Objectives: The objective of the study is to assess patients with chest pain in ER with the perspective of classifying them according to emergency severity index (ESI) and understanding the outcomes and various parameters according to ESI. Materials and methods: This study is a longitudinal observational study. Collection of data for 100 patients was done. Compilation of data and their statistical analysis were performed. Results: Gender is significantly associated with ESI (p-value = 0.020). Patients with ESI-III category had significantly lower age than the patients with ESI-I and II categories. There was no association of ESI category with hypertension, diabetes mellitus, IHD, and COPD. Smoking history was significantly associated with the ESI category. Exercise and vegetarian habits were not associated with ESI. Conclusion: Gender exhibited a significant association with ESI classification, revealing gender-related differences in severity distribution. This is a first of its kind study done where patients with chest pain are seen from the ESI point of view. We urge other centres to perform this study so that a wider consensus can be reached.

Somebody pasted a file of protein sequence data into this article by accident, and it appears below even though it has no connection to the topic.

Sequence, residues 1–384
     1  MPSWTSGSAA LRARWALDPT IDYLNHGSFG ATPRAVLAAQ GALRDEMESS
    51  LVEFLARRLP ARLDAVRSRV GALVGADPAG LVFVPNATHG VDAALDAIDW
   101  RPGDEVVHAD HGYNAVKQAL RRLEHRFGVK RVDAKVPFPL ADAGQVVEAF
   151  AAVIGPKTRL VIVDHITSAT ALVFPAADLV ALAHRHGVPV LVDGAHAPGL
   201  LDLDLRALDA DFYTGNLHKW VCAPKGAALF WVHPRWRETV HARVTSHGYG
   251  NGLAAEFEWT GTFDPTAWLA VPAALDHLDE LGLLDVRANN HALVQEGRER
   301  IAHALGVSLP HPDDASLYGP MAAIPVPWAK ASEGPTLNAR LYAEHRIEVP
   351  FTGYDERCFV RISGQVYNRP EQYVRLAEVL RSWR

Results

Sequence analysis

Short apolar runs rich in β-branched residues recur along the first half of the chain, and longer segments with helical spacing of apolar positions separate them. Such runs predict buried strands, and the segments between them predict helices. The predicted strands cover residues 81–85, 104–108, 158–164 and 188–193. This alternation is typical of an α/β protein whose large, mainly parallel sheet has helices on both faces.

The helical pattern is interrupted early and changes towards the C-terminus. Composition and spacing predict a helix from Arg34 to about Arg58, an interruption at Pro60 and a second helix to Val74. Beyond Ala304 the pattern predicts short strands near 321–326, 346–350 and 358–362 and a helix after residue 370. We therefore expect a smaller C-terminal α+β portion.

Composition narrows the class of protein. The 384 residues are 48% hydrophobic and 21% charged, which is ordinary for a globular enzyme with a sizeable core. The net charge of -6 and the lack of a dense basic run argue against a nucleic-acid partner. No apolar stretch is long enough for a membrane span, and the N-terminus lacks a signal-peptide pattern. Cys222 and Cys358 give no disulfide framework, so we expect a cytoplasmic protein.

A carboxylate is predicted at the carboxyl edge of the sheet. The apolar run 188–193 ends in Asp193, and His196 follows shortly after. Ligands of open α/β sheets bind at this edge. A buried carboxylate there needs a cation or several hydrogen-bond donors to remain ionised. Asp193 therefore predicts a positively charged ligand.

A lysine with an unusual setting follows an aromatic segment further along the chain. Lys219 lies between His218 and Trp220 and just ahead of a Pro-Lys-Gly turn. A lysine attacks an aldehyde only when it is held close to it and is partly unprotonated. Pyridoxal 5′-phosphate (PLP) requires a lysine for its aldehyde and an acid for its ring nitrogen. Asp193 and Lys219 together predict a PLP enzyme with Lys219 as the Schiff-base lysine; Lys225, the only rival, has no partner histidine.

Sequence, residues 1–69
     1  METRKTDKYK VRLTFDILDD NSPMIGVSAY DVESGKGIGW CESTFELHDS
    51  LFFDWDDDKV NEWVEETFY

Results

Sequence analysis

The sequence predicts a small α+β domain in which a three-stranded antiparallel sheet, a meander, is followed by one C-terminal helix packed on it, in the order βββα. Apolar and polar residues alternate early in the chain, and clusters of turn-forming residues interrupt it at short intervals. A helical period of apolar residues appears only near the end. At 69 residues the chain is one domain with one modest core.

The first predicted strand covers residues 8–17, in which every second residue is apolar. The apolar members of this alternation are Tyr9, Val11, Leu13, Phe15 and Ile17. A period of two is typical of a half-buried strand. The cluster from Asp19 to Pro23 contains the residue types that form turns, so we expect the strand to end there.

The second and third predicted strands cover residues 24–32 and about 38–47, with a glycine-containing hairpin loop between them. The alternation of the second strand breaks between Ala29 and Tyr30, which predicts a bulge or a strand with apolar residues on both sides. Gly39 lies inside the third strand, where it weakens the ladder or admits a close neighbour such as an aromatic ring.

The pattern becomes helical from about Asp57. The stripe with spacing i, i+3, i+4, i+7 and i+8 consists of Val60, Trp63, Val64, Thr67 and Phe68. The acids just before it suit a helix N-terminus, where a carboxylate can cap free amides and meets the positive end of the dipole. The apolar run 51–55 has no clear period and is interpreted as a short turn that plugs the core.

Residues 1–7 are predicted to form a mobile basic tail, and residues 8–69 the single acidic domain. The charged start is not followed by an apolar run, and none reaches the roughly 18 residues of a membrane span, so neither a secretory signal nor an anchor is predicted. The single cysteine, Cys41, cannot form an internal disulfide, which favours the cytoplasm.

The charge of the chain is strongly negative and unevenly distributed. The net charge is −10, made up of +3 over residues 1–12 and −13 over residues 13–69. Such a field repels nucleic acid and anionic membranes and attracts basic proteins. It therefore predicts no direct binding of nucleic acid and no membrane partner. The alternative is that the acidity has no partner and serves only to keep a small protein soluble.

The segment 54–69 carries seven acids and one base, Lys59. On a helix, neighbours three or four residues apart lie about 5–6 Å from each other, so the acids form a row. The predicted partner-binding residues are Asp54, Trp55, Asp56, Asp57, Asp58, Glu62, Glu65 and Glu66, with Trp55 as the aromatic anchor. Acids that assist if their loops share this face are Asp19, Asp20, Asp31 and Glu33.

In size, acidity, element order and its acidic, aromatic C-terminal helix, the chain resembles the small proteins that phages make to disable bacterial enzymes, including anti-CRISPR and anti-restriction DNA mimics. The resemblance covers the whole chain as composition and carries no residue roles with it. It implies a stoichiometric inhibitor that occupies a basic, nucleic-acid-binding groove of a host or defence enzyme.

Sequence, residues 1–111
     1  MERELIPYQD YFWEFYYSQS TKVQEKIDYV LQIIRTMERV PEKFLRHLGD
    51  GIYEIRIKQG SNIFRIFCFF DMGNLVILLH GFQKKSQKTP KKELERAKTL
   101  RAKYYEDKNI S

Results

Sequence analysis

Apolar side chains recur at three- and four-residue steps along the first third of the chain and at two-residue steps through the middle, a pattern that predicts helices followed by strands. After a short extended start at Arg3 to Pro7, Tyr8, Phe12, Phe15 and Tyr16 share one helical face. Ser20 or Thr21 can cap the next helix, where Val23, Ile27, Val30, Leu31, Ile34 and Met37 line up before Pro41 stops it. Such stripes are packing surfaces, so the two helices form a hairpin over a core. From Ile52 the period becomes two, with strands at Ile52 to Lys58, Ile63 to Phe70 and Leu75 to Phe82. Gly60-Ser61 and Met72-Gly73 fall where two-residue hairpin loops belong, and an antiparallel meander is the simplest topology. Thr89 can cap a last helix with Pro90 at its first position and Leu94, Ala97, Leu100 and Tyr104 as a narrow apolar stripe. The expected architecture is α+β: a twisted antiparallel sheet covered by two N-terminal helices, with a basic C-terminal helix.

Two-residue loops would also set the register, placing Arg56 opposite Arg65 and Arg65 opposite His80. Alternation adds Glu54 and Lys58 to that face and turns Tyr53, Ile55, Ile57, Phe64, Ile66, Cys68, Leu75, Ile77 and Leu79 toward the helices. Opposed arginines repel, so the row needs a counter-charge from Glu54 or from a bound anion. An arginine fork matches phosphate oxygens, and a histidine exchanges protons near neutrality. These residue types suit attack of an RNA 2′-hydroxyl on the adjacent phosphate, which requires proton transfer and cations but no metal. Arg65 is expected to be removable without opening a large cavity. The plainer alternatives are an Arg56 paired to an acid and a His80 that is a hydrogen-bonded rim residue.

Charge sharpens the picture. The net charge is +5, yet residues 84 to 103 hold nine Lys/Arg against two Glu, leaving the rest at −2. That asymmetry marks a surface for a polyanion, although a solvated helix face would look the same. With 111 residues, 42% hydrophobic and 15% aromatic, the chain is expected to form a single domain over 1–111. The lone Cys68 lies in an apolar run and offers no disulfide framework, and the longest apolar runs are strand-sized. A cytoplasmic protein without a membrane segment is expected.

Renaldo Pavrey, Vikrant Chouhan, Aakanksha Goyal

A Rare Case of Anterior Communicating Artery Aneurysm Rupture Presenting as Perimesencephalic Subarachnoid Haemorrhage

[Year:2023] [Month:May-August] [Volume:1] [Number:2] [Pages:4] [Pages No:52 - 55]

Keywords: ACom aneurysm, Case report, Perimesencephalic, Subarachnoid haemorrhage

   DOI: 10.5005/njem-11015-0012  |  Open Access |  How to cite  | 


Perimesencephalic subarachnoid haemorrhage (PMSAH) is a distinct pattern of non-aneurysmal subarachnoid haemorrhage (SAH) centred on the basal cisterns around the midbrain. It is rare, with an incidence of 0.5 in 1,00,000 adults. Also, PMSAH represents 5–10% of all SAHs and nearly 33% of all non-aneurysmal SAH. While 95% of PMSAH are non-aneurysmal, 5% of cases are due to a vertebrobasilar aneurysm. We present the case of a 59-year-old female with PMSAH in whom the source of the bleeding was localised to a ruptured anterior communicating artery (ACom) aneurysm. In our report, we highlight the characteristic neuroimaging findings of PMSAH, the importance of digital subtraction angiography (DSA), and the necessity for an interdisciplinary approach in the management of such cases. Our reason for highlighting this case is that PMSAH is a rare cause of non-traumatic, predominantly non-aneurysmal SAH. In the setting of a ruptured ACom artery aneurysm, we believe the uniqueness of this case gets elevated.